With a focus on areas like sustainability, non-profit work and social impact, Stern has taken steps to ensure that its students are exposed to various areas of potential interest, so that we can engage and connect with those outside the traditional business world.
Stern students are known by many descriptions. Some of them are negative like “competitive” and “cutthroat.” As a school, Stern provides us with outstanding facilities and unparalleled opportunities, but it also invites comments from the broader NYU community. The Sternie’s general reputation seems to be “money-driven egotistical individuals who want to be investment bankers”, according to a student in Steinhardt. Students from CAS, Gallatin and Steinhardt have shared their opinions and experiences with Stern students, and the results are a bit surprising.
Not all Stern students seem to perpetuate these stereotypes. Non-Stern students find that, as individuals, Stern students are usually nice people, but in groups, we buy into a culture of competition and a “winner takes all” mentality. As told by these students, “the collective has a mind of its own which is intense, unapproachable, aloof, career-focused, finance-focused, intimidating and unwelcoming”. When in groups, Stern students are said to live in a bubble, wherein everyone is busy competing with each other, creating a perception of falsity in our interactions. This long-standing perception has extended past the group and to the individuals themselves, creating harsh stereotypes about the Stern student body. For example, there is a belief that Stern students will go so far as to sabotage our own friends and classmates just to get ahead, which seems unlikely when most people can admit that the Stern students they have met as individuals would not do that.
The group mindset is prevalent throughout Stern, but can be especially observed in Stern classes. An interesting observation by a Gallatin student was that Stern classes feel “impersonal” because we don’t usually introduce our pronouns in the first class, which tends to happen in Gallatin classes and some Steinhardt classes. Pronouns are personal and sharing them can allow a student to feel more accepted into the class. NYU has repeatedly stressed the need for this acceptance, including with its recent changes to Albert allowing the addition of pronouns. When the rest of the university can embrace students’ individualities and be mindful of their needs, Stern should be able to do the same. While these introductions might take away from the time that the professor is teaching, it seems like a small but impactful gesture that could enable this school to seem more welcoming and accepting of each student’s uniqueness, rather than thinking of students as numbers and metrics.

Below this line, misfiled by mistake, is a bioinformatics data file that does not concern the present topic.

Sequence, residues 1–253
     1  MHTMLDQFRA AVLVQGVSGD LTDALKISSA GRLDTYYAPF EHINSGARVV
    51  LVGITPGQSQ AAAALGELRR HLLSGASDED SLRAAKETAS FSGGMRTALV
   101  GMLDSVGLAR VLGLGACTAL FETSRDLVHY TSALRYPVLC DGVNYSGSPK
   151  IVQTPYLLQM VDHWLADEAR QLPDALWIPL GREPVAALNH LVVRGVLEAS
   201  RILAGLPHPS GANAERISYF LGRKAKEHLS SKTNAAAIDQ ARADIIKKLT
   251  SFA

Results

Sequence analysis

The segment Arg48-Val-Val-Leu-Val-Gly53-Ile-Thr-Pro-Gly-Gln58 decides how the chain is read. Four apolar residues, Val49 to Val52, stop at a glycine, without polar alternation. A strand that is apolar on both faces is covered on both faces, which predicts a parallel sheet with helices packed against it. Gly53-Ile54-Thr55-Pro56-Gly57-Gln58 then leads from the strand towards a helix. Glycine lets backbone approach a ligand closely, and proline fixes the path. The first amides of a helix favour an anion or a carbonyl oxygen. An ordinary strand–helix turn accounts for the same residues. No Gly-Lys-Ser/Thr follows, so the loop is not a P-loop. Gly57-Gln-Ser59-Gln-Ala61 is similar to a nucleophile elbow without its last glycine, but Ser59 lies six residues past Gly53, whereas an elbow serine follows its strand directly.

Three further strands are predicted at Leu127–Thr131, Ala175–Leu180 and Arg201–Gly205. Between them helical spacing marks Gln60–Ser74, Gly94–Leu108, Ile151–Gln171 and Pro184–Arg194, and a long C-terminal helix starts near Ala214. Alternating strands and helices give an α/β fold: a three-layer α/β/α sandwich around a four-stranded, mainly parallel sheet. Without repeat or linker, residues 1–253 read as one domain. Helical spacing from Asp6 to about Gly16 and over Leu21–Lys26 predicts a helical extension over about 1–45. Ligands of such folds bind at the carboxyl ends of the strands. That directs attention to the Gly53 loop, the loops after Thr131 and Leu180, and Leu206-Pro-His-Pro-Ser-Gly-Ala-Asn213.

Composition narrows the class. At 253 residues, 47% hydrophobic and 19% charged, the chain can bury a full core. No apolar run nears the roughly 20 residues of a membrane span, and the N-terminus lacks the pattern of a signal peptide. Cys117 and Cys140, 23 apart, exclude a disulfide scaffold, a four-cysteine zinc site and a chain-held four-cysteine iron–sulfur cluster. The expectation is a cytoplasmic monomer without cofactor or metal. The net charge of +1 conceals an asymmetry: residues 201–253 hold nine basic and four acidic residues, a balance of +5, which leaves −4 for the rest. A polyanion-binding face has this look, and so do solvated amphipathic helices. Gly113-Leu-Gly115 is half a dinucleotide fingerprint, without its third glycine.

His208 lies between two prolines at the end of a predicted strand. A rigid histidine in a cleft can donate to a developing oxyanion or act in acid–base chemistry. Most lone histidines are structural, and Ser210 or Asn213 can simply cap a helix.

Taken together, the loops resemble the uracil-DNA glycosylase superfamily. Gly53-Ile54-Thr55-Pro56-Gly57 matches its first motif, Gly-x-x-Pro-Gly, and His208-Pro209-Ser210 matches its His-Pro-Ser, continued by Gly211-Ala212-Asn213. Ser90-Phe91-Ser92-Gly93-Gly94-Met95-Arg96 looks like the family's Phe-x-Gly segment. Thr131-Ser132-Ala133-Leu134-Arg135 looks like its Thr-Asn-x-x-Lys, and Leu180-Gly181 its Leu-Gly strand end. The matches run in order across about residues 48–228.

We also need to be mindful of the business school culture we are in. The business world traditionally commends those who can outperform their peers in a competitive environment. Stern prepares us well for the business world by familiarizing us through leadership opportunities, the rigorous academic courses and highly competitive recruiting events. Like many other top business schools, Stern produces a lot of students who go into the financial services sector. The industry traditionally values confidence as a necessary part of success, so it’s no surprise that Stern students tend to emulate that ideal. That being said, the industry seems to now be shifting its focus from the traditional result-driven, number-crunching employees to more well-rounded individuals who have technical as well as creative and interpersonal skills.
Stern aims to defy these stereotypes by implementing non-finance departments and admitting a more diverse pool of students. With a focus on areas like sustainability, non-profit work and social impact, Stern has taken steps to ensure that its students are exposed to various areas of potential interest, so that we can engage and connect with those outside the traditional business world. We are making progress and maybe we are only doing so on an individual level, but as more and more individual Stern students become less like “snakes,” as perceived by interviewed students, the collective student body will change as well.